World Migration in the Age of Globalization - Population Association

Christopher Herzog | Download | HTML Embed
  • Oct 27, 2009
  • Views: 44
  • Page(s): 23
  • Size: 300.23 kB
  • Report



1 New Zealand Population Review, 33/34: 1-22. Copyright 2008 Population Association of New Zealand World Migration in the Age of Globalization: Policy Implications and Challenges PETER S. LI* Abstract Economic globalization has changed the nature and volume of world migration. The world migrant population reached 190 million in 2005, but migration tends to be from less developed to more developed regions. Changes in world migration are related to fundamental features of economic globalization, but also influenced by demographic transitions in immigrant-receiving societies. Declining fertility and population aging compel many advanced industrial countries to rely on immigration for growth in labour force and population, but the demand is largely for highly-skilled immigrants. Globalization produces contradictory tendencies, making it easier for highly-educated professionals to migrate while displacing unskilled workers in traditional economies. Immigrant- receiving countries are confronted with issues related to international migration, including the need to develop a long-term immigration policy to attract immigrants with substantial human capital and to strengthen security to bar the entry of unskilled migrants and asylum seekers. Competition amongst immigrant-receiving societies for highly-skilled workers is increasing. Future brain drain is likely to be multidirectional and the world community may be compelled to agree upon a universal framework under which, world migration could be regulated. G lobalization has increased the interconnectedness of nation states, speeding up the flow of goods, services, ideas and people across national boundaries. There was international migration long before the age of globalization, but the speed, scope, complexity and volume of world migration under the global era are unprecedented. In 1980, * Professor Peter Li is Professor of Sociology at the University of Saskatchewan. Research for this paper was supported by a grant from the Social Sciences and Humanities Research Council of Canada. His email address is [email protected] This paper was presented as a keynote address at the Building Research Capability in the Social Sciences (BRCSS) New Settler Researchers Network National Conference, University of Auckland, February 2007.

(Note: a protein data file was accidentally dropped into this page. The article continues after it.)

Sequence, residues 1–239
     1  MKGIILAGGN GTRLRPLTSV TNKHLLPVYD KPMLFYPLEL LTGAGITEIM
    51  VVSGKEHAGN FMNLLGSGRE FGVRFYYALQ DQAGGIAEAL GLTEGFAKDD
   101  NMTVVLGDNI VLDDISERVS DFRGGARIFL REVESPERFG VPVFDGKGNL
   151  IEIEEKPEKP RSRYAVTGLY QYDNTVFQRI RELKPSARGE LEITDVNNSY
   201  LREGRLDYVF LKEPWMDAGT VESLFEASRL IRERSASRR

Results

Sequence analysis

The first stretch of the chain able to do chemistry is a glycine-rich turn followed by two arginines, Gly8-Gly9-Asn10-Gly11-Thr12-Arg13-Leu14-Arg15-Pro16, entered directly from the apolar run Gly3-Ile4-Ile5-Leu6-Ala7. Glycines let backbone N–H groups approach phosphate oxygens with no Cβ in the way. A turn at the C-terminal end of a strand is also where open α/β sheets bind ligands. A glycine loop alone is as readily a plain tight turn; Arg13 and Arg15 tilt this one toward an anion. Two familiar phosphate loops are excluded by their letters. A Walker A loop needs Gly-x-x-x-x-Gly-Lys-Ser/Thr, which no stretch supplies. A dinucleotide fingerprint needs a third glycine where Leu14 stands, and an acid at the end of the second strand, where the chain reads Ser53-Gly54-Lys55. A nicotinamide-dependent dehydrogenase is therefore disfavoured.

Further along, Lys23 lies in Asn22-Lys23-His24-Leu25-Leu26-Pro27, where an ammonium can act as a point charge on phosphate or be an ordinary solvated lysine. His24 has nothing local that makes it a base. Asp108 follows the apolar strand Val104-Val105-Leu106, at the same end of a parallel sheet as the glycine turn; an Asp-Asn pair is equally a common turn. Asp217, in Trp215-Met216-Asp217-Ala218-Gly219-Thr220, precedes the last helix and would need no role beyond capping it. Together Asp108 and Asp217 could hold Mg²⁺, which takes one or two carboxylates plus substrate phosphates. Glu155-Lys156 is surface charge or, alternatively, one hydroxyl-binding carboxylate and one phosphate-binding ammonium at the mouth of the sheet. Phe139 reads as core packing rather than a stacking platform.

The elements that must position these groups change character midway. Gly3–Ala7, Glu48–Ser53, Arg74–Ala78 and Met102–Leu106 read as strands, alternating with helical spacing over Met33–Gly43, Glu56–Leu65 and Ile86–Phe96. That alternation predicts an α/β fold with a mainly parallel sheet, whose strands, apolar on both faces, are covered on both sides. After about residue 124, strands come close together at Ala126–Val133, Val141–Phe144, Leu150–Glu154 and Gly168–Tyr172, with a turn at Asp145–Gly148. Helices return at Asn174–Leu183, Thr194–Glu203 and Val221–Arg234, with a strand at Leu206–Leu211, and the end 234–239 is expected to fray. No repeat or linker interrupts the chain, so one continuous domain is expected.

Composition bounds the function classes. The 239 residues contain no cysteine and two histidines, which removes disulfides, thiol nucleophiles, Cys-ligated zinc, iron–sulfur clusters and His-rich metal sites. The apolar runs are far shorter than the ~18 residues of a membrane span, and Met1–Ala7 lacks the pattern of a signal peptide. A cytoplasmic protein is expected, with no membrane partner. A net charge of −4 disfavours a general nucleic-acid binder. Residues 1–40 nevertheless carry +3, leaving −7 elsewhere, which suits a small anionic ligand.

2 MIGRATION & GLOBALIZATION 2 the world migrant population, that is, the population made up of those who resided in a country other than their country of birth, was less than 100 million people, or 2.2 percent of the world population (United Nations 2004, 2005). By 2005, the migrant population had increased to 190 million people or 2.9 percent of the world population (United Nations 2006). Thus, on average between 1980 and 2005, the world immigrant population increased by 3.6 million people each year. However, the distribution of the migrant population is uneven, with over 60 percent of the 190 million migrants or immigrants located in the more developed regions of the world; Europe and North America account for 57 percent of the world migrant population (United Nations 2006). How does globalization change world migration? What are the features of globalization that shape the nature of world migration? What are the policy implications for immigrant receiving countries? Features of Globalization There is no doubt that as a result of globalization, regions and nations become more interdependent and integrated. But the forces of globalization are perhaps most evident in economic relations. Economic globalization involves four essential elements. First, the growth of digitalized technology and communication has revolutionized the nature, efficiency and organization of every aspect of production and distribution. Digitalized technology has hastened the speed of automation. Globalization enables corporate firms to localize economic activities in different countries and regions by taking advantage of local labour supply and market conditions. Concomitantly, digitalized technologies and transnational corporate structures and networks make it possible for firms to integrate localized economic activities in metropolis headquarters. In short, free trade and globalization enable corporate firms to operate in an enlarged transnational market, one that is characterized by the increasing deregulation of local restrictions and the integration of national economies into a universal framework of free trade. Thus, economic globalization thrives on advanced digitalized technology that facilitates the global expansion of corporations by enabling them to optimize their operations and accumulation in the global market and to economize the cost of such operations. In other words, the same process that promotes the dispersion of economic activities across